Probate of a Will From Another State
The most common situation of, say, a California will, coming into Nevada's Probate Court is Ancillary Probate. In Ancillary Probate the out of state will is accepted by the probate court of another state, most of the probate takes place in that state and the Nevada Probate Court accepts the validation of the will by the court in the other state which accepted the will.
However, it occasionally happens that there is no probate in the other state. For example, suppose a Nevada resident with real estate in Nevada become ill and moves to and dies in California while being cared for by an adult child in California. Before dying in California the person might write a California will reciting that he or she is a California resident--because otherwise the California attorney probably won't write the will. Now, if the only real asset of the estate is the Nevada real estate, this California will is going to be probated only in Nevada.
This creates a problem for the Nevada Probate Court. How does the Nevada Probate Court know if this is a valid California will? For example, N.R.S. 133.050, Nevada's self-proving will statute, provides that if the two witnesses to a will sign an affidavit or declaration attesting to the signature of the will, and that the writer of the will appeared to be of sound mind and an adult, the Probate Court will accept the will as valid (unless there is a challenge.) Therefore, attorneys in Nevada have the witness signatures notarized. But, under California law, the California Probate Court does not require notarized signatures with the result that many California lawyers skip this step. In a recent case we had like this, the Clark County Probate Court wanted an opinion letter from a California lawyer that the California will was valid even though the witness signatures were not notarized.
Since three of us (Jonathan Reed and Douglas Reed and Daniel Reed) are licensed to practice law also in California, we can provide such an opinion letter. However, with respect to wills from other states which do not appear to meet Nevada's requirements, we would have to ask you or obtain for you an opinion letter from an attorney in the state in which the will was written that the will is valid in that state if the will did not meet the Nevada requirements.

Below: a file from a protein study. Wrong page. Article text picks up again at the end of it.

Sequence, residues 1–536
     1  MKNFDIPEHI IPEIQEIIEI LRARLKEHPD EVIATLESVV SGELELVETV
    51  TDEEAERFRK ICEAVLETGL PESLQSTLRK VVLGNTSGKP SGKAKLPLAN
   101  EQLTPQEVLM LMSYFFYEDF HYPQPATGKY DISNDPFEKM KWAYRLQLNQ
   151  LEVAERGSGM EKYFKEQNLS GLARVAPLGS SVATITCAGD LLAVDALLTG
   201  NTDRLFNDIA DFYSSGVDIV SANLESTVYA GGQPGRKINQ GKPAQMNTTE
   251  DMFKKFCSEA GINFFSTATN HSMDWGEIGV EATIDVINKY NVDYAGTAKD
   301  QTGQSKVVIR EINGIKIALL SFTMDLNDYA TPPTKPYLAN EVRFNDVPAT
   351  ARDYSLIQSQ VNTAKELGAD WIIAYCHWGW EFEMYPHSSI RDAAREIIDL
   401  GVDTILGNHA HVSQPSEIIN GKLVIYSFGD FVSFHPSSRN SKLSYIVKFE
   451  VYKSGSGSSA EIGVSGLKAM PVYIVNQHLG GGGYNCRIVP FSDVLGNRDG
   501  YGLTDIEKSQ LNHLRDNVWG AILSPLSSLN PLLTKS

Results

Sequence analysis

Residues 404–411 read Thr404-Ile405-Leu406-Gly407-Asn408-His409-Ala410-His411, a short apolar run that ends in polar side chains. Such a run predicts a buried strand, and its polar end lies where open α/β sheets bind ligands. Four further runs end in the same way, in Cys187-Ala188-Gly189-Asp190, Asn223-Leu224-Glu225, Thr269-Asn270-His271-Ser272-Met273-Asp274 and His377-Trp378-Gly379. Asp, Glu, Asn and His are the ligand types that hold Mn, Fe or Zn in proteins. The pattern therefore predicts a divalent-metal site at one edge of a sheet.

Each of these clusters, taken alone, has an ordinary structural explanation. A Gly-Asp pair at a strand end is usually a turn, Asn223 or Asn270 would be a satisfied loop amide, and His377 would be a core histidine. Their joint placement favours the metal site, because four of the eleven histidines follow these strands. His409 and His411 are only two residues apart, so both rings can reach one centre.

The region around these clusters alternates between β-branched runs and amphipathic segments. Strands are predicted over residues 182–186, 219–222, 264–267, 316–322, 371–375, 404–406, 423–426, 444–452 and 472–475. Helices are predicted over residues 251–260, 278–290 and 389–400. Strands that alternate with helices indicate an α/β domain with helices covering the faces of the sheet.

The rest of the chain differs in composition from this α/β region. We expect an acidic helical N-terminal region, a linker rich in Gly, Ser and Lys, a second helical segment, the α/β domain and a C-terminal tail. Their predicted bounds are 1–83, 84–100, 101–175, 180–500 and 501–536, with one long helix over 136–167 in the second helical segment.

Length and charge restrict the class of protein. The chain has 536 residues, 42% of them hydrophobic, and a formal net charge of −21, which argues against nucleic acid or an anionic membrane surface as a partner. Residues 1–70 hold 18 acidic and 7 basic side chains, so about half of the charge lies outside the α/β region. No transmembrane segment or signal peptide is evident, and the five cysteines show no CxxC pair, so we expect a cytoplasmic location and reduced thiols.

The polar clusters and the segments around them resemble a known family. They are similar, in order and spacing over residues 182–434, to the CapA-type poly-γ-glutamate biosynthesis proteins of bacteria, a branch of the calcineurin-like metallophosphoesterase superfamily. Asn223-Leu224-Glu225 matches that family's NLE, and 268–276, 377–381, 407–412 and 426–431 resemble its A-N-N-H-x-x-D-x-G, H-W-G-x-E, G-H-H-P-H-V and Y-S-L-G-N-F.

Often the results will be the same under a will or the laws of intestate succession. See If You Die without a Will. In such a case we submit a Petition asking for distribution under the intestate laws, but attach the out of state will that doesn't meet Nevada requirements. In that situation we basically say, "Judge, it's easier to just treat this case as if there was no will and no harm is done since we get the same result whether or not we use the will."
Sometimes the question is: "I used to live in Kentucky and had a will written there; now that I am living in Nevada do I need to re-write the will?" If the will was valid when written in Kentucky, Nevada has a legal obligation to honor the Kentucky law. However, as a practical matter, if the will was not witnessed by two witnesses who signed the will and had their signatures notarized, it would be a good idea to have the will re-written in Nevada, even if the will was valid without these notarizations in the state in which it was written at the time it was written.
So far in this discussion I have assumed the will is typed in whole or part. A will that is written entirely by the will writer in his or her own hand and signed by that person is called a holographic will. No witness signatures are necessary.
Assuming a valid out of state will, the Nevada probate court will require either:
- The original will be filed in the Nevada court, and, if the out of state will would not be valid under Nevada, there must be some proof that the out of state will was valid in the state where it was written when it was written, or
- A certified copy of the will filed in a different state along with a certified copy of a court order from the different state admitting the will to probate along with a certified copy of the different state's Letters Testamentary or Letters of Administration.